Talented and Gifted Programs Do More Harm Than Good
What does it mean to be “gifted”? Is it academic, athletic, both? Is a fourth grader reading at a high school level who doesn’t have their multiplication tables memorized considered gifted? If you defer to the state law regarding Talented and Gifted programs, you won’t find a clear answer to this question. Individual school districts are left to decide for themselves who qualifies as “gifted” with the only stringent rule being testing at or above the 97th percentile. This means that the implementation of these programs varies greatly between schools. Some students are kept in the same class but given more advanced material, some are moved to a separate classroom for part of the day, some are sent to different schools entirely. These variations can cause undue stress on the student and for many, offer very little benefit.
A study done at Michigan State University found that those on the cusp of TAG programs, whether to be included or excluded, show almost no difference in test scores after over a year in their separate classes. The term “gifted” comes with a lot of baggage that most of us don’t think about when we use it; Moriah Rivera-Lawrence has experienced the effects of this first-hand.
“Being sorted as TAG gave me the advanced opportunities and recognition that I wanted, but it separated me from the resources that I needed. While my teachers saw a student reading at a college level in fifth grade, my experience was that of a child with undiagnosed dyscalculia struggling to get the help that they really needed,” said Lawrence, who was finally diagnosed with multiple learning disorders several years after graduating from college.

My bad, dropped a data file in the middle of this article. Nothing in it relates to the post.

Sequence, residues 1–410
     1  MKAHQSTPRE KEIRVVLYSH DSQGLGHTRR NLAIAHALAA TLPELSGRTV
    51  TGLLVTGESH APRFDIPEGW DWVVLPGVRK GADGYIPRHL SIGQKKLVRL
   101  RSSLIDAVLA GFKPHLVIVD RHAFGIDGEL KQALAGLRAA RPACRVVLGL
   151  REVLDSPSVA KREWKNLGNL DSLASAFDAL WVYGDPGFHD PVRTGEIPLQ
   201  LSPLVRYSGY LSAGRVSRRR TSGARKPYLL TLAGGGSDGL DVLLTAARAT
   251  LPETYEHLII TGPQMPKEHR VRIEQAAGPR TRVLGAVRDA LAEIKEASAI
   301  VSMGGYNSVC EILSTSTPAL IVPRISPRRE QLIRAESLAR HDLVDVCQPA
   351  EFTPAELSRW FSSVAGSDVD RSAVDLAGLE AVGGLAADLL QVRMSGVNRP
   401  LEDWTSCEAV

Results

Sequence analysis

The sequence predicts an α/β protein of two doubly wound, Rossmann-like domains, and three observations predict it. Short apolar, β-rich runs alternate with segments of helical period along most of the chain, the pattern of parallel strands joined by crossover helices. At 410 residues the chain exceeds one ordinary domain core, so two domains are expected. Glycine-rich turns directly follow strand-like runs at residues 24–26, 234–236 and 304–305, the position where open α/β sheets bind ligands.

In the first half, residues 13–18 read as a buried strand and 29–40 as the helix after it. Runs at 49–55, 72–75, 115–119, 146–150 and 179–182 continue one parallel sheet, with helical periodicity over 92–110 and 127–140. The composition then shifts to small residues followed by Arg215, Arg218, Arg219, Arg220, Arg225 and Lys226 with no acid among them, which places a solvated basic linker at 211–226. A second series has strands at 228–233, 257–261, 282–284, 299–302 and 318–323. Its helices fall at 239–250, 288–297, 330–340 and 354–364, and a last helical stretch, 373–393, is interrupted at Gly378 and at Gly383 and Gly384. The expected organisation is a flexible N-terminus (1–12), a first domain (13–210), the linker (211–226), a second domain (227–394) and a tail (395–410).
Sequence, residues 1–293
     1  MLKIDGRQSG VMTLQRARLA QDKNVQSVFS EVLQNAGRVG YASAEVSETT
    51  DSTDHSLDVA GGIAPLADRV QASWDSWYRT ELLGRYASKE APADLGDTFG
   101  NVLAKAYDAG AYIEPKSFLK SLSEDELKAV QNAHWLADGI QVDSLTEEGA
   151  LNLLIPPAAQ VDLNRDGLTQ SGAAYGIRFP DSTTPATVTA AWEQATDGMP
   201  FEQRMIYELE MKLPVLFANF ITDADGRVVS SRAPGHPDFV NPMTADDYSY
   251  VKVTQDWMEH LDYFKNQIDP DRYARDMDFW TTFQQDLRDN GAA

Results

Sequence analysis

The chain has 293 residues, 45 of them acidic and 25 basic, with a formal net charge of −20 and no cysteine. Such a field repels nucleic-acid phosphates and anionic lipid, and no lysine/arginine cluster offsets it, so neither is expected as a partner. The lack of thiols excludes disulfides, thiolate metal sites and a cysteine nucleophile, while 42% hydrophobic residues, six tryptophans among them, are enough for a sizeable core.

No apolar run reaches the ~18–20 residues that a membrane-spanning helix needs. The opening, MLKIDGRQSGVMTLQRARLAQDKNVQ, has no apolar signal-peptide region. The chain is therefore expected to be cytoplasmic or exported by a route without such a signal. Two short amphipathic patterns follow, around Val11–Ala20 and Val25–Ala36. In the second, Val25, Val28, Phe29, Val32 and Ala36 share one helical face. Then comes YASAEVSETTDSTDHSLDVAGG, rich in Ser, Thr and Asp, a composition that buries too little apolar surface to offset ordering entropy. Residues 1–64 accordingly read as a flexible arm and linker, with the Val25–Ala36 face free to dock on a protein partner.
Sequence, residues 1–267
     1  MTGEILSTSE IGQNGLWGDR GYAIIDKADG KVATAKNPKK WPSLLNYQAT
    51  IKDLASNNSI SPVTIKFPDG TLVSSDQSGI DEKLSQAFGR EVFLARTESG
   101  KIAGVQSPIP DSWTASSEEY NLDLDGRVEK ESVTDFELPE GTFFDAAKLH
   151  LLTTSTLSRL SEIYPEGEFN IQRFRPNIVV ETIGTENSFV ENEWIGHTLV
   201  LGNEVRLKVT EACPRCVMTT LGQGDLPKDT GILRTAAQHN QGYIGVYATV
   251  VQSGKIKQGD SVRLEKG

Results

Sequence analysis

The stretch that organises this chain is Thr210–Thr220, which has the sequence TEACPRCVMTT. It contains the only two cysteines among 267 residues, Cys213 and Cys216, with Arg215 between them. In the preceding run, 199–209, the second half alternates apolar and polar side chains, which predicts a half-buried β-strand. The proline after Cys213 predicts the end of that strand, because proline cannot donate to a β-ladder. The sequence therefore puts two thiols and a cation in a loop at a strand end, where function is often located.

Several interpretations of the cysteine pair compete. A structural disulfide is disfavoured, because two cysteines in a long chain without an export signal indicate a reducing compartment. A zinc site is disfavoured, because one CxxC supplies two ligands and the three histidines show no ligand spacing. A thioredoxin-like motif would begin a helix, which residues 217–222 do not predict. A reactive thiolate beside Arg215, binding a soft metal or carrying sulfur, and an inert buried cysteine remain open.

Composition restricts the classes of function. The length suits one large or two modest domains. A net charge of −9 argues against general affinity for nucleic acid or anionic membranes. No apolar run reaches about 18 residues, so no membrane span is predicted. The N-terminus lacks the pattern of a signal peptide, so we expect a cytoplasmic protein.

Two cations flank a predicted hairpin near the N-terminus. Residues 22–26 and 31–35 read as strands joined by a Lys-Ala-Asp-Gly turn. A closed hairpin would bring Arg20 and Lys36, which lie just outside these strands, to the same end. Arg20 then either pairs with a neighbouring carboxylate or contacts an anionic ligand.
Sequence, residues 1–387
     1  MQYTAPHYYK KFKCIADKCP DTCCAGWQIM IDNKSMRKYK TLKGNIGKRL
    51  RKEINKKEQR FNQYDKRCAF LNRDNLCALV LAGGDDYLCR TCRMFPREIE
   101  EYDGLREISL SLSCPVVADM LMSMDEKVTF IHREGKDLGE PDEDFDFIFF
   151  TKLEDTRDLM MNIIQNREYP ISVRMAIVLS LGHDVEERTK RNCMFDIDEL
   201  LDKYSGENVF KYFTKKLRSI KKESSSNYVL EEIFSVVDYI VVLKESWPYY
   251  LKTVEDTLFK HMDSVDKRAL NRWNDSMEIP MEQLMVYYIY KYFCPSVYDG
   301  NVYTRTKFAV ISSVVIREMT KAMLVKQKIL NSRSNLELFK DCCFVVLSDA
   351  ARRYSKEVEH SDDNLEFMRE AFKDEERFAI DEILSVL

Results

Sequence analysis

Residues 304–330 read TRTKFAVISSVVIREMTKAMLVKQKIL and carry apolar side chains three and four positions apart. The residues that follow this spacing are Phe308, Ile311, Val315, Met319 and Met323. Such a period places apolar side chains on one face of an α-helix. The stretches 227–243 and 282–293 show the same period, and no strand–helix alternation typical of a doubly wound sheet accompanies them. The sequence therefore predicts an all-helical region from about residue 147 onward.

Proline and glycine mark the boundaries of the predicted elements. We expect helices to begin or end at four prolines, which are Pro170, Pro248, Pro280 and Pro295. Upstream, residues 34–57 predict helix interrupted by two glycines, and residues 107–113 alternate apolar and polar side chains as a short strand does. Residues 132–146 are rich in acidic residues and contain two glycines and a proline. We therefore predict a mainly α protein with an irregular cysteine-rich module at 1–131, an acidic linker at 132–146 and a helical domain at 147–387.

Inequities are also a problem with TAG programs. White children make up about 50% of public school enrollment and black children comprise about 15%. In gifted programs, 60% of enrolled students are white while only 9% are black. This kind of disparity remains true across racial and socioeconomic lines. Schools in lower-income areas identify less gifted students than wealthier schools and these issues are not mutually exclusive. IQ and standardized tests often determine a student’s admittance into a gifted program. Both of these have a history steeped in racism.
TAG programs can also aggravate or cause mental health issues in the students affected by them. Students can be stuck in one track or another based on bias, causing distress. Even students who made it into these programs can feel affected by perfectionism and the knock-on effects of isolation from asynchronous education with their peers. This phenomenon is underlined by a study that shows gifted students are at higher risk for certain mental conditions like anxiety and depression.
In conclusion, TAG programs do more harm than good. They generate more stress for students without a clear competitive advantage, cause racial bias to be amplified in schools, and can even cause or aggravate mental health issues. Other programs such as the School Enrichment Model can be implemented in place of the existing model for a more equitable and customizable experience while focusing on enriching the entire school, the benefits reach further than TAG programs currently do.